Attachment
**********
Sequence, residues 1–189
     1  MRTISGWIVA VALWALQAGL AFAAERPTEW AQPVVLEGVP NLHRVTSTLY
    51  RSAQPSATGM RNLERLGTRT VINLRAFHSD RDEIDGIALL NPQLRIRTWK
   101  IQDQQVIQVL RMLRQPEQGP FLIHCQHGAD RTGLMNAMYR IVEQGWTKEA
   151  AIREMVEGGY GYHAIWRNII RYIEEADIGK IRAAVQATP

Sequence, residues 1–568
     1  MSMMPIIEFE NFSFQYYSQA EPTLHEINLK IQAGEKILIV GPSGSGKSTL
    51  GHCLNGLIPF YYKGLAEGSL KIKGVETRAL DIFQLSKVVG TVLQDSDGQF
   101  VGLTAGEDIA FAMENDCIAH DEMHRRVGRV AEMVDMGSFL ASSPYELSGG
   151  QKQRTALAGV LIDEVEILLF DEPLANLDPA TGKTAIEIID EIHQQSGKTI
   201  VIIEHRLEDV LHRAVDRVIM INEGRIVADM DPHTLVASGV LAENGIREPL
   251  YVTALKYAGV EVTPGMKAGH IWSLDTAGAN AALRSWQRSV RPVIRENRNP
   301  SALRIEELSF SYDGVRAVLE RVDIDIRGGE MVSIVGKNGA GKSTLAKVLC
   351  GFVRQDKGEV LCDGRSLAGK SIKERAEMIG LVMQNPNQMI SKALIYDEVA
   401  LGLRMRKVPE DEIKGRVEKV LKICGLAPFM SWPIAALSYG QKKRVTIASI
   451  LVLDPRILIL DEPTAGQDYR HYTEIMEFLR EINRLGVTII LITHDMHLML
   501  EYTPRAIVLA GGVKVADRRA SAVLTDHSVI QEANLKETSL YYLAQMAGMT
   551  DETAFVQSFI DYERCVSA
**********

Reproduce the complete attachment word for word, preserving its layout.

Sequence, residues 1–189
     1  MRTISGWIVA VALWALQAGL AFAAERPTEW AQPVVLEGVP NLHRVTSTLY
    51  RSAQPSATGM RNLERLGTRT VINLRAFHSD RDEIDGIALL NPQLRIRTWK
   101  IQDQQVIQVL RMLRQPEQGP FLIHCQHGAD RTGLMNAMYR IVEQGWTKEA
   151  AIREMVEGGY GYHAIWRNII RYIEEADIGK IRAAVQATP

Sequence, residues 1–568
     1  MSMMPIIEFE NFSFQYYSQA EPTLHEINLK IQAGEKILIV GPSGSGKSTL
    51  GHCLNGLIPF YYKGLAEGSL KIKGVETRAL DIFQLSKVVG TVLQDSDGQF
   101  VGLTAGEDIA FAMENDCIAH DEMHRRVGRV AEMVDMGSFL ASSPYELSGG
   151  QKQRTALAGV LIDEVEILLF DEPLANLDPA TGKTAIEIID EIHQQSGKTI
   201  VIIEHRLEDV LHRAVDRVIM INEGRIVADM DPHTLVASGV LAENGIREPL
   251  YVTALKYAGV EVTPGMKAGH IWSLDTAGAN AALRSWQRSV RPVIRENRNP
   301  SALRIEELSF SYDGVRAVLE RVDIDIRGGE MVSIVGKNGA GKSTLAKVLC
   351  GFVRQDKGEV LCDGRSLAGK SIKERAEMIG LVMQNPNQMI SKALIYDEVA
   401  LGLRMRKVPE DEIKGRVEKV LKICGLAPFM SWPIAALSYG QKKRVTIASI
   451  LVLDPRILIL DEPTAGQDYR HYTEIMEFLR EINRLGVTII LITHDMHLML
   501  EYTPRAIVLA GGVKVADRRA SAVLTDHSVI QEANLKETSL YYLAQMAGMT
   551  DETAFVQSFI DYERCVSA